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Comparison of Carbonaceous Compounds Emission from the Co-Combustion of Coal and Waste in Boilers Used in Residential Heating in Poland, Central Europe

Institute of Environmental Engineering Polish Academy of Science, 34 M. Sklodowskiej-Curie St, 41-819 Zabrze, Poland
Author to whom correspondence should be addressed.
Energies 2021, 14(17), 5326;
Submission received: 30 June 2021 / Revised: 23 August 2021 / Accepted: 24 August 2021 / Published: 27 August 2021
(This article belongs to the Section B: Energy and Environment)


In this study, the effect of the addition of waste on the emissions from coal co-combustion was investigated. Coal was co-combusted with different additions of medium-density fiberboard and polyethylene terephthalate plastic (10 and 50%), in a low-power boiler (18 W). Polycyclic aromatic hydrocarbons, phenols, alkylphenols, phthalates, and biomass burning markers emissions were determined. Gas chromatography, coupled with a mass spectrometry detector, was used to analyze these compounds in particulate matter and gas phase, after extraction and derivatization. The emissions of polycyclic aromatic hydrocarbons were the highest among all the compounds determined. The total emission of these compounds was 215.1 mg/kg for coal, and 637.7 and 948.3 mg/kg for a 10 and 50% additive of polyethylene terephthalate plastic, respectively. For the 10 and 50% additive of medium-density fiberboard, the total emission was 474.2 and 464.0 mg/kg, respectively. The 50% addition of PET also had the highest emissions of phenols (638.5 mg/kg), alkylphenols (246.5 mg/kg), and phthalates (18.1 mg/kg), except for biomass burning markers, where the emissions were the highest for the 50% addition of medium-density fiberboard (541.3 mg/kg). In our opinion, the obtained results are insufficient for the identification of source apportionment from household heating.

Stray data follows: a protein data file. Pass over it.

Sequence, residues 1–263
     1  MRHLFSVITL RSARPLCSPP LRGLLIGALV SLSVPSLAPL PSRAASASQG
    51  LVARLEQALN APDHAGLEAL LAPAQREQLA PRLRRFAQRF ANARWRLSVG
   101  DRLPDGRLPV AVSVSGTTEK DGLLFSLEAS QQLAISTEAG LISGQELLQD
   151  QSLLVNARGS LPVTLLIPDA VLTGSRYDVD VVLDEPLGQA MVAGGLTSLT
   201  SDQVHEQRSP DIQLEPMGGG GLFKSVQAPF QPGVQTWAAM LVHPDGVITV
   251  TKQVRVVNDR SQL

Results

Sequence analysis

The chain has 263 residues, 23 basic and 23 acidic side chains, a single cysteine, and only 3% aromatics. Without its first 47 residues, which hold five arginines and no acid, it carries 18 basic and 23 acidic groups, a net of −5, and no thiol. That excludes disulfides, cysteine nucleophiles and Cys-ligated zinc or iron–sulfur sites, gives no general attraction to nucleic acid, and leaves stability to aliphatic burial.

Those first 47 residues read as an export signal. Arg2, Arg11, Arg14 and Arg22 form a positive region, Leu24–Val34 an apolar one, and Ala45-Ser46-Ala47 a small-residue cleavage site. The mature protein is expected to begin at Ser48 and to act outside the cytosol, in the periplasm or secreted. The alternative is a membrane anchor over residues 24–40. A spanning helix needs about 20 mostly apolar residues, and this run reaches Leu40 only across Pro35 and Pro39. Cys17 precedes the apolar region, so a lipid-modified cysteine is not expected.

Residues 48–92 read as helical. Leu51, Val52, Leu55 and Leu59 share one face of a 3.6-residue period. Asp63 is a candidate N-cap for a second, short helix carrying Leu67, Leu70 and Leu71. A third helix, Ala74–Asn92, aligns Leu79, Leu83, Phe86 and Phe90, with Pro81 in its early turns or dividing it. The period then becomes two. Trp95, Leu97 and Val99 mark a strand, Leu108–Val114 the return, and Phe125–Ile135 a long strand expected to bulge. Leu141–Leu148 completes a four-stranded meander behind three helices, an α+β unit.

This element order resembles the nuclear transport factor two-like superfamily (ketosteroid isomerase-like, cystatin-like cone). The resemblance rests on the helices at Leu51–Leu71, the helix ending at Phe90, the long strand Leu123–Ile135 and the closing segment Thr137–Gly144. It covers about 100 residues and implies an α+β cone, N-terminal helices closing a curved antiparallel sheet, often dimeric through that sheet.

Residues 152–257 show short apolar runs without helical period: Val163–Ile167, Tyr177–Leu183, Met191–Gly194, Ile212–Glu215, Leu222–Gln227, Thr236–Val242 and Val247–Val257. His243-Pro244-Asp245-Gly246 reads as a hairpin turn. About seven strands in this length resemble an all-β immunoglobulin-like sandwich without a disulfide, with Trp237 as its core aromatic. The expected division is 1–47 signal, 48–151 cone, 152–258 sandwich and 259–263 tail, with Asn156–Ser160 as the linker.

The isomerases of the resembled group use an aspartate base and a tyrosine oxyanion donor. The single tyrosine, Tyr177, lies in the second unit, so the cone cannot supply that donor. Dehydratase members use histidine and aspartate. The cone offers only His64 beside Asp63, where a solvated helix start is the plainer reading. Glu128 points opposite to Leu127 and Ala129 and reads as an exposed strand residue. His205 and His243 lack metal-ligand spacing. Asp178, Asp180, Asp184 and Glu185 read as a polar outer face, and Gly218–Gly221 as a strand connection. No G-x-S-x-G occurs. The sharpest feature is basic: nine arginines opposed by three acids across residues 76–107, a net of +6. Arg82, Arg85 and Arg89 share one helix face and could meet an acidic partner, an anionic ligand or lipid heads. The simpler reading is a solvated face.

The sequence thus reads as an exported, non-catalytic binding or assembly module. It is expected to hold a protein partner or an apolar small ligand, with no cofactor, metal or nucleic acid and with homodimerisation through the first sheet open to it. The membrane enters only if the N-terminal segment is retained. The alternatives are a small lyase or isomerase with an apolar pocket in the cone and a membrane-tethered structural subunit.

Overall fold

Graphical Abstract

1. Introduction

Sustainable development requires a clean, safe and sufficient energy supply. Nevertheless, in many regions of the world (e.g., China, Czech Republic, Poland, and Turkey), domestic combustion in coal stoves is a popular heating method [1,2,3]. Coal, biomass, or fuel mixtures are most often used as fuel in coal stoves and coal-fired power plants [4,5,6]. Unfortunately, the co-combustion of coal with waste materials, such as plastics and waste tires, is also observed in coal stoves and coal-fired power plants [7,8].